Increasing mobility and people to people contacts are crucial if Europe's claim to establish a true partnership with our Mediterranean neighbours is to be taken seriously. I am glad that “Mobility Partnerships” have been initiated with Tunisia and Morocco in October 2011 and I am hopeful that they could be signed under the current Danish Presidency. These partnerships will help develop comprehensive and balanced cooperation in the management of regular migration, irregular migration, readmission, visa, international protection, borders and security matters.

Also, over 740 additional Erasmus Mundus mobility grants for academic exchange with Southern Mediterranean countries were financed for the current academic year. A further €80 million will be allocated to ENP countries in 2012 and 2013 for that purpose.

These measures will help foster mutual understanding. As importantly they will assist our neighbours in developing the skills and experience to make their transition a success.

Finally markets: mandates for negotiating Deep and Comprehensive Free Trade Agreements with Egypt, Tunisia, Morocco and Jordan were approved by the Council on 14 December. These will facilitate progressive and deep economic integration with the EU internal market. But these agreements will take time to enter into force. In the meantime, we are looking at trade measures that can be introduced rapidly and that can be beneficial for both sides. The agricultural liberalisation agreement with Morocco is one of such measures and I very much hope that the European Parliament will give its consent to it during the mid February Plenary. We also very much hope to conclude a similar agreement with Tunisia.

Finally, in addition to the three "Ms", we have been active on a number of important sector issues, in particular transport, energy or information technologies. In all these sectors, we are intensifying our cooperation with Southern neighbours.

Mr Chairman,

Let me also stress that the EU has been recognised as a key partner for the organisation and monitoring of democratic elections in the region. Our assistance and observation mission in Tunisia was very much appreciated and I take pride that the Algerian authorities have invited us, among other international organisations, to observe the upcoming elections. We have also provided expert advice in Morocco and supported national observation in Egypt.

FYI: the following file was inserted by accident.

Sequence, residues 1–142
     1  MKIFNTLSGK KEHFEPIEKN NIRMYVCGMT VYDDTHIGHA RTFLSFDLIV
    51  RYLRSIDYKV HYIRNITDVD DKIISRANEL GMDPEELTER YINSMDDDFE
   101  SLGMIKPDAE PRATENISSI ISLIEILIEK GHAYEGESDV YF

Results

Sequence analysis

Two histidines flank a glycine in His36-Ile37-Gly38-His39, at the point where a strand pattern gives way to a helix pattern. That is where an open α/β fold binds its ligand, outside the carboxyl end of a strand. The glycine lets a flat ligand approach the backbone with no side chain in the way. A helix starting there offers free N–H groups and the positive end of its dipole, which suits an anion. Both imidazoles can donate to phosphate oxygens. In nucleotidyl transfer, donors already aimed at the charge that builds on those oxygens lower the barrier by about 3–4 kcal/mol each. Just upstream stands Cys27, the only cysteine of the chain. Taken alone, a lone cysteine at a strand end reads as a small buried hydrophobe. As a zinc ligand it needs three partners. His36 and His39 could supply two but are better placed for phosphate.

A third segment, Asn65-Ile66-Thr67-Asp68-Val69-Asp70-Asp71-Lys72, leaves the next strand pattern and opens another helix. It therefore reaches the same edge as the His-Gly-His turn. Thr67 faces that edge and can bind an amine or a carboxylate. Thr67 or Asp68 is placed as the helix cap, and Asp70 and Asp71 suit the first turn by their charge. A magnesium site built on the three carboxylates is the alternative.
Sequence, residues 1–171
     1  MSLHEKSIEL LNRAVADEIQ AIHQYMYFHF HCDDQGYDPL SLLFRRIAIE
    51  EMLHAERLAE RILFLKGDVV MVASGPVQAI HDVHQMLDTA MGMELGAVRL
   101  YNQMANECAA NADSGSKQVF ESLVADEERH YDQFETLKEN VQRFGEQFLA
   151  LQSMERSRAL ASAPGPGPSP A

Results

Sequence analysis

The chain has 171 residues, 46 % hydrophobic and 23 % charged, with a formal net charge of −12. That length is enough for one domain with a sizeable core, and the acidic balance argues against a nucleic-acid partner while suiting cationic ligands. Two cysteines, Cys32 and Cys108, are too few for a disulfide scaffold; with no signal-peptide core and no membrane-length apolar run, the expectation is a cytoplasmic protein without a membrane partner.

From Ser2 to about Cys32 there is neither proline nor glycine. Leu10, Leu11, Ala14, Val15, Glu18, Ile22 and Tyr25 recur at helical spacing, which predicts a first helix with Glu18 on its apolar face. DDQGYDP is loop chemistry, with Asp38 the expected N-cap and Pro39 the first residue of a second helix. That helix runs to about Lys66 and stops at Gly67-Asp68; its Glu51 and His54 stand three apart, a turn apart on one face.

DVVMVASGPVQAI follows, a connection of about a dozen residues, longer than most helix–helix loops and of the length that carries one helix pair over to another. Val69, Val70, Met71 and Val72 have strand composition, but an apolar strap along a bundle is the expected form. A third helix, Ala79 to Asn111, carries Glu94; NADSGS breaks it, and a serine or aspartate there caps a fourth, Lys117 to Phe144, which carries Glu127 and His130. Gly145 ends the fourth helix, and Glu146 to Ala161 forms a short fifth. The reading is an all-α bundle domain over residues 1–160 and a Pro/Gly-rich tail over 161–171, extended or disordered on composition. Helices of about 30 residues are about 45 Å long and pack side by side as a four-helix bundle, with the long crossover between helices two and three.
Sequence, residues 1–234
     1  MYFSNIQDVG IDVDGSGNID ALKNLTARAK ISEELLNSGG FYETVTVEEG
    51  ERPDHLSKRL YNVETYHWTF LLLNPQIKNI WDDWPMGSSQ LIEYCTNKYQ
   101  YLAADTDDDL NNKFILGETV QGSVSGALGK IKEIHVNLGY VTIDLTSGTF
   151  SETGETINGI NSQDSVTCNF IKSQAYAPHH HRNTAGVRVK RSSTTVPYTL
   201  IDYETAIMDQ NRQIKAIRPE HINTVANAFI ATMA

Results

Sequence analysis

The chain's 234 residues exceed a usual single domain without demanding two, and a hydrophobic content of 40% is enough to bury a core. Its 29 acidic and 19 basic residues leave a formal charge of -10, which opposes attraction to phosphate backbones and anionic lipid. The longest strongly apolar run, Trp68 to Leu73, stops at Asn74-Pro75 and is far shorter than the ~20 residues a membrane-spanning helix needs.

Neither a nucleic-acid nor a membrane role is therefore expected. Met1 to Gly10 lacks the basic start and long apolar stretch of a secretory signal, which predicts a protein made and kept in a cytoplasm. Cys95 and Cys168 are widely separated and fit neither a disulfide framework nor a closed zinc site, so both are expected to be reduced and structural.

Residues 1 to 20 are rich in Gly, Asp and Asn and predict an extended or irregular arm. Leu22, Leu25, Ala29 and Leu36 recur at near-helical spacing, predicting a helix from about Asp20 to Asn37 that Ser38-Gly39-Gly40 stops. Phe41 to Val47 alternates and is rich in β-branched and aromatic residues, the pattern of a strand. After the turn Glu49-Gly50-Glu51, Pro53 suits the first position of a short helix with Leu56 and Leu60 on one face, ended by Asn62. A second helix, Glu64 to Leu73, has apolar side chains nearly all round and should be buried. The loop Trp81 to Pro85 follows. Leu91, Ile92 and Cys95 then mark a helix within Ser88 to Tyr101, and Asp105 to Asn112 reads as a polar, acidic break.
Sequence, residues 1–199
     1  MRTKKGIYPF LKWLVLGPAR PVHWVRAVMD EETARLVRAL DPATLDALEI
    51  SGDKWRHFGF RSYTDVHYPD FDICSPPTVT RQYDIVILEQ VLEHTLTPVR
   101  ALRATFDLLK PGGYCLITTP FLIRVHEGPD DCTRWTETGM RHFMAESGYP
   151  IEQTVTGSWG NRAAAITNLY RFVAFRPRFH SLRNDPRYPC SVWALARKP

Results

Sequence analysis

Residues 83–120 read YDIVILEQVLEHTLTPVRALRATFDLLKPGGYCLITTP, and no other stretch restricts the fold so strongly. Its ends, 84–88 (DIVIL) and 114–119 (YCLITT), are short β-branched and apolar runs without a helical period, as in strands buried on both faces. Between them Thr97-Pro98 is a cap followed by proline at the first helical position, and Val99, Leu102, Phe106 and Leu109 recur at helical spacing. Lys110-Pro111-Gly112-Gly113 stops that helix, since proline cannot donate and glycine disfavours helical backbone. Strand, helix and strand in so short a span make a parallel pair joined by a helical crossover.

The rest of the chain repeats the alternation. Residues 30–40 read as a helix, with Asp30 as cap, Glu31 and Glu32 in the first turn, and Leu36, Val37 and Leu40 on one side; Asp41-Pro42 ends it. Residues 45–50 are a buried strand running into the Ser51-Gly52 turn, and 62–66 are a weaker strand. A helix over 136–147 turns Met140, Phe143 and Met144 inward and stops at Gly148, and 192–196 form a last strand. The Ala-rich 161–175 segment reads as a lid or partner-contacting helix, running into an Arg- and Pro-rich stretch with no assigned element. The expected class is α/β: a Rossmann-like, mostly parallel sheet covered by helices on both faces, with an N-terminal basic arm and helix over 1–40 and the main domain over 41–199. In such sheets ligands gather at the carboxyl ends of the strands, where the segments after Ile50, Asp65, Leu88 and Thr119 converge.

As we look to the future we see that for each country transition is different. It is therefore essential to develop a unique dialogue to ensure coherent and adequate support to transition.

This dialogue must include all partners: government, business, civil society, think tanks, etc. Only then we will be able to get the necessary feed back that will ensure that we can adjust our policies and actions to the evolving realities.

The political support of all the Union's institutions for change in our Southern neighbours is a given. We must now all work together to ensure that this commitment is matched by timely and targeted delivery on the ground. In that context, the Task Forces that have been set up by The High Representative and Vice-President of the Commission, Catherine Ashton have a key role to play to ensure notably the coordination of the response of the EU but also its member States and EU financial organisations.

We are in this for the long haul. When I was last in the region I was told that successful transition would not be measured by the first rounds of democratic elections but by the second third and fourth rounds. We must engage with the new leaderships and work together on building solid foundations for democracy and inclusive growth.

The EU can offer the experience of its own Member States which have gone through similar transformation process. It can also offer the experience of regional integration. We know that greater economic integration among the Maghreb countries would not only increase their gross domestic products by 2 percent, but it would also be a catalyst for the consolidation of the democratic and transformation process. In that context, I am encouraged by the increased recent contacts between Morocco and Algeria. I also hope that the Union for the Mediterranean can begin to effectively function and add value notably by successfully identifying and fostering support for concrete projects and initiatives that will strengthen solidarity in the Mediterranean.

And we should not be afraid of the outcome of democratic elections. We have to engage with our partners and judge them on the basis of facts and the respect of their international commitments. I was last week in Morocco where I met the new Prime Minister who confirmed his government's intention to improve fundamental freedoms and governance and also to strengthen the partnership with the EU. And I am glad that the Tunisian Prime Minister intends to travel next week to demonstrate his government's commitment to work with the EU.

Let me close by saying that the European Parliament has also a great responsibility to accompany the transformation process, not only by working hand in hand with other EU institutions and support the Commission's proposals to devote greater policy focus and financial resources on the neighbourhood, but also by cooperating with the parliaments of our partners, travelling to the region and acknowledging the role of the key agents of change.

I am certain that working together with you we can help support real, sustained, transition and democratisation.

I look forward to your comments and questions.

Many thanks.

Side Bar